From the third-quarter of 1974 to the first-quarter of 1975 there was negative economic growth – in other words, recession. Unemployment reached 9 percent in May 1975. When Ford left office inflation was down to 5.8% and the official unemployment figure at 7.7%. The national debt was down around 34% of GDP.
The Democrat Jimmy Carter had defeated Ford in the elections of November 1976. In 1977, Carter convinced to establish a Department of Energy whose goal was energy conservation. By 1978 inflation was still high by US standards – up around 7 percent. Carter was concerned but not particularly focused on the inflation problem. In 1978 he signed into law a bill that allowed greater competition in the airline industry by phasing out particular federal regulations. In 1979, Carter deregulated the contry's beer industry by making it legal to sell malt, hops, and yeast to home brewers. Also in 1979, Carter backed a government bailout of the Chrysler Corporation. None of this helped him with the economy as a whole.
In July 1979, Carter gave a prime-time televised address. He told the nation that it faced "a crisis of confidence" regarding government doing what was right for the nation and people's doubt "in a better future for their own children." He said that the "true problems" of our Nation ran much deeper than gasoline lines or energy shortages, deeper even than inflation or recession. The nation, he said, had lost a "unity of purpose." He complained that many Americans viewed the federal government as a stagnant bloated bureaucracy. He complained that " We can't go on consuming 40 percent more energy than we produce." He said that "Congress must enact the windfall profits tax without delay." He asked for funds to develop alternative fuel sources including coal, biofuels and solar power. He called on the Democratic-led Congress to approve a "solar bank" that, he said, would eventually supply 20 percent of the nation's energy needs.
Initially, polls showed that most people responded favorably to Carter's speech. Then Carter demanded the resignations of several Cabinet members. And editorialists described Carter as telling the American people that they were at fault. Carter's approval ratings fell.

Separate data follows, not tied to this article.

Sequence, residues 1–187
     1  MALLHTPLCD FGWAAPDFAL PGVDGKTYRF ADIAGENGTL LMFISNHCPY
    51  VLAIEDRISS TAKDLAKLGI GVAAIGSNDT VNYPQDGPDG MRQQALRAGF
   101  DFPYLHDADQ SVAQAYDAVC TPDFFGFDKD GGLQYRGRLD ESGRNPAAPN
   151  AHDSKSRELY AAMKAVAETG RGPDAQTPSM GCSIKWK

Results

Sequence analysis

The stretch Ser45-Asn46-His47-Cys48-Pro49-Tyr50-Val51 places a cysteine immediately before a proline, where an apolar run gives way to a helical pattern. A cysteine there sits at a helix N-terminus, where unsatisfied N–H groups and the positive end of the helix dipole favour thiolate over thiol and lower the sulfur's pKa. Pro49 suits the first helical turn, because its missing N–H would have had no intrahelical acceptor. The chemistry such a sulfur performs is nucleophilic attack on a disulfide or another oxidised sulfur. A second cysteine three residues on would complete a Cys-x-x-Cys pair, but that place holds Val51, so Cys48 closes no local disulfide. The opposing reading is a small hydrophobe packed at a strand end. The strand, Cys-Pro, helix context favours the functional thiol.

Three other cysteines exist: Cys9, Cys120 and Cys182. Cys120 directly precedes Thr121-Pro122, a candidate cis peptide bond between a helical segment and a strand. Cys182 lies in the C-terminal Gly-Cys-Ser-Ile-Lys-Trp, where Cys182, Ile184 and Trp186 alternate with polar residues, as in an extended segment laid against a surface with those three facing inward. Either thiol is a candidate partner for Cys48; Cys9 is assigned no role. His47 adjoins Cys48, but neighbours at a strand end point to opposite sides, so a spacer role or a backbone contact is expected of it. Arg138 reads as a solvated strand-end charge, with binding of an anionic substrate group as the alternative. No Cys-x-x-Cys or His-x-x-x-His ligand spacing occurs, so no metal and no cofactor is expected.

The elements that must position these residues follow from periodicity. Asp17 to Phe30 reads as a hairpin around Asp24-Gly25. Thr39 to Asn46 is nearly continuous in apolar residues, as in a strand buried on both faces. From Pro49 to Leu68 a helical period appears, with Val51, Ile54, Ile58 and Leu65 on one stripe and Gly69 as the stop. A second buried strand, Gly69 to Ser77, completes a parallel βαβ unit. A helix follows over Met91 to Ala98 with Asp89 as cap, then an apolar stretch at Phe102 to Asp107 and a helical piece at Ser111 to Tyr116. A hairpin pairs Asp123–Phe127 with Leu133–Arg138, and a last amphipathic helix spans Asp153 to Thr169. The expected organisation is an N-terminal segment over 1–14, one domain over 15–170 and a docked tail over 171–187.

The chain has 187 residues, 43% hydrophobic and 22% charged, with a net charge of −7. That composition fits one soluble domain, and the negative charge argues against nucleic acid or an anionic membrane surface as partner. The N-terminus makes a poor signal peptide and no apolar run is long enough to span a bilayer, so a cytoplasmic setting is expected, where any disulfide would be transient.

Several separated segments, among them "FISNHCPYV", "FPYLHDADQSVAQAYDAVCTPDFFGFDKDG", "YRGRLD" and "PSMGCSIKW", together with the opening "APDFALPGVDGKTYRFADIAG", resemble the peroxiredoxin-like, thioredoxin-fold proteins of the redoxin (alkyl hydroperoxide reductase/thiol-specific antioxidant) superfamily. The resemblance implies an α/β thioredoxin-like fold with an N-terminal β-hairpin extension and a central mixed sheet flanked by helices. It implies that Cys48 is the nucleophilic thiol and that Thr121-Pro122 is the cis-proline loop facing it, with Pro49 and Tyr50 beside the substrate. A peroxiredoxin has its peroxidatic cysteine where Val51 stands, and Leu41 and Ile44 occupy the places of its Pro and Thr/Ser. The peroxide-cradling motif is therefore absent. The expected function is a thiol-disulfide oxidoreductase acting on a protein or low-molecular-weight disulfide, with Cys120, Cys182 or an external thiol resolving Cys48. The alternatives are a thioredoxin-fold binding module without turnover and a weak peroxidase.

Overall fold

In August, 1979. Carter named Paul Volcker as Chairman of the Federal Reserve banking system. Volcker described "a sliding dollar undercutting our own anti-inflationary effort, generating uncertainty at home and abroad [and] hurting growth." He said that you cannot "just inflate yourself out of a recession."
Inflation in 1979 reached 11.3 percent. In 1980, a presidential election year, inflation reached 13.5 percent with unemployment still high at around 5.8 percent. In early 1980, Carter was asked at a press conference what he planned to do about inflation. He replied, “It would be misleading for me to tell any of you that there is a solution to it.”
Americans were being held captive in the US embassy in Teheran. The Iraq-Iran war was being waged, and the price of crude oil on the world market was soaring. It had been $20 per barrel in 1973 to around $50 when Carter took office. In late 1979 it peaked at $107.35.
in 1980 the price for crude oil began a slow decline. It would be around $80 a barrel when Carter left office in January 1981. The economy between April and June had the sharpest one-quarter drop in national output on record, and unemployment rose to more than 7.5 percent in May. The economy recovered in the third quarter but with little impact on inflation or unemployment. Volcker had not had enough time for his high interest rates to dry out the inflation. That would have to wait for his term as chairman during the administration of Ronald Reagan.
Carter had used the Misery Index (unemployment + inflation) in running for president against Gerald Ford. Carter put Ford misery index at 13.5. Running against Carter for the presidency, Reagan pointed to a misery figure for Carter at 20. In a debate with Carter one week before the election, Reagan asked people whether they were better off than they were four years before. Reagan trounced Carter with 50.7 percent of the vote to Carter's 41 percent.
Copyright © 1998-2018 by Frank E. Smitha. All rights reserved.